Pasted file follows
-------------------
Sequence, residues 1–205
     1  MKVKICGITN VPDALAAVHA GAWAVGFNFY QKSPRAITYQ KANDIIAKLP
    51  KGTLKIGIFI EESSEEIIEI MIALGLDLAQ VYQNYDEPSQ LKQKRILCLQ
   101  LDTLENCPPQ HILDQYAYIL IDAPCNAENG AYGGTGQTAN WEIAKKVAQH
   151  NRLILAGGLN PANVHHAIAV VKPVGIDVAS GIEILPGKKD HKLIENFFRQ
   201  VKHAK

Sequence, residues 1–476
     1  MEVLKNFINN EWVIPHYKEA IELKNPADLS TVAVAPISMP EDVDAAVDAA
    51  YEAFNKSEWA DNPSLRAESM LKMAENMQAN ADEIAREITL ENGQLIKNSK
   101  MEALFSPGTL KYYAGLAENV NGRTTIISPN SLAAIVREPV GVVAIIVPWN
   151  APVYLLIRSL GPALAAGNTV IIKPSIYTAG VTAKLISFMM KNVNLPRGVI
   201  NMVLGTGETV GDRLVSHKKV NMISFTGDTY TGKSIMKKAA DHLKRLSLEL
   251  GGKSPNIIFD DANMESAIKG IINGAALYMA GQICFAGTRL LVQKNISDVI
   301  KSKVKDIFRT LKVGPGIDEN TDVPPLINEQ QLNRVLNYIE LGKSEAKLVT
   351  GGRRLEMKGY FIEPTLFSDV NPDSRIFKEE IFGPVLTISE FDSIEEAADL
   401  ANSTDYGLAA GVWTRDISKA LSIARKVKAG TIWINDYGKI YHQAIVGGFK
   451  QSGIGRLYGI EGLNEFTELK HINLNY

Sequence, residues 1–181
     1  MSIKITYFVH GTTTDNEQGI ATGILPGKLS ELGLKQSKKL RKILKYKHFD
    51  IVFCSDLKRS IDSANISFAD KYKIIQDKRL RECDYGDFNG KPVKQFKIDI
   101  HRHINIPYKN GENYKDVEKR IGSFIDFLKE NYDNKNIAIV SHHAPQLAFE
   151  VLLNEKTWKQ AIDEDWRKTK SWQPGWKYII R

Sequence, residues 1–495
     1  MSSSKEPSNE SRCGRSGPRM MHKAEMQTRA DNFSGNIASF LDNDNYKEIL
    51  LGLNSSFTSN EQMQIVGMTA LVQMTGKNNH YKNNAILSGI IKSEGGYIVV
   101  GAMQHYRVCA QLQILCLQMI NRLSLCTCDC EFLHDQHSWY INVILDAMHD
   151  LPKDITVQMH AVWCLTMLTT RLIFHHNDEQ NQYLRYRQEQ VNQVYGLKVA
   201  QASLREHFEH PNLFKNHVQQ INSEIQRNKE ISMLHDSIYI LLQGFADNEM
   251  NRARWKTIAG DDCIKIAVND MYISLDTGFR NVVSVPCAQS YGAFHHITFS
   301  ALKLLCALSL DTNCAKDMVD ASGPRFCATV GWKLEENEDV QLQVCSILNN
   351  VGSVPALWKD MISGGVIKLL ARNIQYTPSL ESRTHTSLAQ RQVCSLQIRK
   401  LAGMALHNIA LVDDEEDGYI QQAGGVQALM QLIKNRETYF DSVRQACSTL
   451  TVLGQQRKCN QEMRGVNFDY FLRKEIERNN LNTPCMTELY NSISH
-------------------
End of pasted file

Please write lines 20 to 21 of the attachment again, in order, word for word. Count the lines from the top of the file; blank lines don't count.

    51  IVFCSDLKRS IDSANISFAD KYKIIQDKRL RECDYGDFNG KPVKQFKIDI
   101  HRHINIPYKN GENYKDVEKR IGSFIDFLKE NYDNKNIAIV SHHAPQLAFE